Monday, June 7, 2010

Benefits of High Intensity Training

Why is it a good idea to workout so hard you feel like you could be in the movie 300? Well because it's great to workout with the intensity that stresses not only your body but your mind. If you are a squash player, a basketball player, a marathon runner, any sort of sport, you know what I'm talking about. When it's the last quarter of the game, when it's those horrible final 6 miles, it's just as much about how conditioned your mind is as it is about how conditioned your body is. Doing workouts in the gym that challenge you to keep going, finish those 5 reps, keep moving that final 10 seconds, increase your weights by that extra 10lbs. Whatever the challenge may be, it's important to work hard and conquer whatever the road block is ahead of you with your muscles and your mind. Plus the harder you work the more you'll get out of it. Increasing your weight (thus upping the intensity) will produce stronger muscles and more lean body mass. By moving past that point of when you want to stop (up the intensity) you will continue your increased heart rate and thus burning more calories. A lot of the goal comes back to working hard to burn more calories and increase more muscle mass, the best way to do that is to add in harder workouts to your regime and keep making progress with your mind and body! Here are a few easy ways to increase your intensity (without feeling like you might puke!)

1. Add in more full body exercises (Kettlebell swings, squat presses, burpees, slam ball, etc.)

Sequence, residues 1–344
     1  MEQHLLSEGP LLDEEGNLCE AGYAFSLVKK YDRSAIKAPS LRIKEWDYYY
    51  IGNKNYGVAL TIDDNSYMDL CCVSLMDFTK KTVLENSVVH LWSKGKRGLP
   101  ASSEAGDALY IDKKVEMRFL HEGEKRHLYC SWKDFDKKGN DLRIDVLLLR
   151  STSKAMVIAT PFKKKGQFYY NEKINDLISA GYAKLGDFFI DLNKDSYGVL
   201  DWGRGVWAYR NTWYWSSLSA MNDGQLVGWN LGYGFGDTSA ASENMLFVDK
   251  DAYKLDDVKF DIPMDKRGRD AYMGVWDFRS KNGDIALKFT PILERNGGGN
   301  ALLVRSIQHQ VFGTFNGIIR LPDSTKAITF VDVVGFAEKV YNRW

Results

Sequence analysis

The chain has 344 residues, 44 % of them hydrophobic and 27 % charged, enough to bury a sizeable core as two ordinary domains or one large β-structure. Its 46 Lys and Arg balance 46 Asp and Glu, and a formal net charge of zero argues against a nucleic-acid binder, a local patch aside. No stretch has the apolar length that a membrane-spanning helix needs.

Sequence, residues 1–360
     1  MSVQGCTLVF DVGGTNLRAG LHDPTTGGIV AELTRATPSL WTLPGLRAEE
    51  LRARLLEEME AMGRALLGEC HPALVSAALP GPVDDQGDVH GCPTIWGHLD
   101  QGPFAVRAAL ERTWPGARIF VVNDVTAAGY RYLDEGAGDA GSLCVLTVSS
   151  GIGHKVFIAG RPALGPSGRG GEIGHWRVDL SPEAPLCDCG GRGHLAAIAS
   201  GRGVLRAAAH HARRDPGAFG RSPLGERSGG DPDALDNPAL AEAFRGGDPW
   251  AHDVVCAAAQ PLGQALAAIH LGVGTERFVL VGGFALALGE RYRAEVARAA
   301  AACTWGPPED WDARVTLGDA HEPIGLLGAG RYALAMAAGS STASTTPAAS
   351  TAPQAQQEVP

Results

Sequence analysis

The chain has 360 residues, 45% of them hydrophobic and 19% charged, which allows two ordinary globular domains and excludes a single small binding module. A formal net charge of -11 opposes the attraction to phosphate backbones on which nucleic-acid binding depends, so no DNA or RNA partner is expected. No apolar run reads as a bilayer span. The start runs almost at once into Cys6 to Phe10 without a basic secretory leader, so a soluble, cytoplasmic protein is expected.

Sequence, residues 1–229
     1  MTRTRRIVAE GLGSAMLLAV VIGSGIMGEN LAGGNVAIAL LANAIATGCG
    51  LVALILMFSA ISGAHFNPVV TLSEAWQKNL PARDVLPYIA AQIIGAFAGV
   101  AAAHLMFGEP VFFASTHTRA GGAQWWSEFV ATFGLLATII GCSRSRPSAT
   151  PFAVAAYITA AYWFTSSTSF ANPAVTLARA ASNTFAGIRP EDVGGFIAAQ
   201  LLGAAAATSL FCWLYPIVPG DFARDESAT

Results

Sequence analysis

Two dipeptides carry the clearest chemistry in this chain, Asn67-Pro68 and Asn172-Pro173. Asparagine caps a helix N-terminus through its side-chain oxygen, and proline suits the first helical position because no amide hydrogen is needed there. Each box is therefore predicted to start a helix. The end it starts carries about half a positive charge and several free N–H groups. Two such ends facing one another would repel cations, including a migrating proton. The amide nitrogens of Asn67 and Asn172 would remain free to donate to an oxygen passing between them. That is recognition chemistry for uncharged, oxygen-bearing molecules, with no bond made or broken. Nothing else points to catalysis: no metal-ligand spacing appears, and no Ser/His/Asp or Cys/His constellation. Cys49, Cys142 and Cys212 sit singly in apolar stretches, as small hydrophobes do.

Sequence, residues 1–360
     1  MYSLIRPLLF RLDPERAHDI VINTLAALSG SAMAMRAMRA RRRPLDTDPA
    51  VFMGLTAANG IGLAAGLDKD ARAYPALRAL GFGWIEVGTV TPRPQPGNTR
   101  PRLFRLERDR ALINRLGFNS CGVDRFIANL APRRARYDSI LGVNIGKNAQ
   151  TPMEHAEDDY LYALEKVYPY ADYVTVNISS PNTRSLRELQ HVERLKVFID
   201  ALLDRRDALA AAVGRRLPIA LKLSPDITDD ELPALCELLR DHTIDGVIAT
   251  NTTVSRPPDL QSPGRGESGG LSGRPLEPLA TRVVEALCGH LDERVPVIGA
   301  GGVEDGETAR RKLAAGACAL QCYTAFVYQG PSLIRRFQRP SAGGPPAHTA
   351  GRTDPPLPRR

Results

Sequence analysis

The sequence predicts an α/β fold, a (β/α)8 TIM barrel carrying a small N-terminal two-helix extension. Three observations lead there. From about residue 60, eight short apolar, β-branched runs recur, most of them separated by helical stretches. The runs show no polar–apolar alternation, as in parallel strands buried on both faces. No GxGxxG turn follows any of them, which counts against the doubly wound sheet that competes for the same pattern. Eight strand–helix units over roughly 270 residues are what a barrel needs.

2. Try new exercises, just the new challenge is enough to get your brain, muscles, and heart rate up
3. Add in bouts of high intensity movements (in between sets 1 minute sprints on the eliptical, running stairs at the beginning, middle, and end of a workout, etc.)
4. Do as much with your own body weight as you can, resist using a bench, a machine, or a ball and MOVE YOURSELF THROUGH SPACE.
5. Work full range of motion, you have all that muscle and flexibility for a reason!
6. Make sure that the weights you are using are challenging enough, if you can do 20 reps (even 15) of most anything it's too light!
7. Be your own "hall monitor" if you know you are taking it easy, taking your time, resting more than working, not breathing hard, flat out... work harder!
8. Find a workout partner, a trainer, a new sport and have someone or something else outside of yourself to challenge you and push you to make progress.

Written by Adriana Brown
Personal Fitness Trainer, Seattle Athletic Club Downtown
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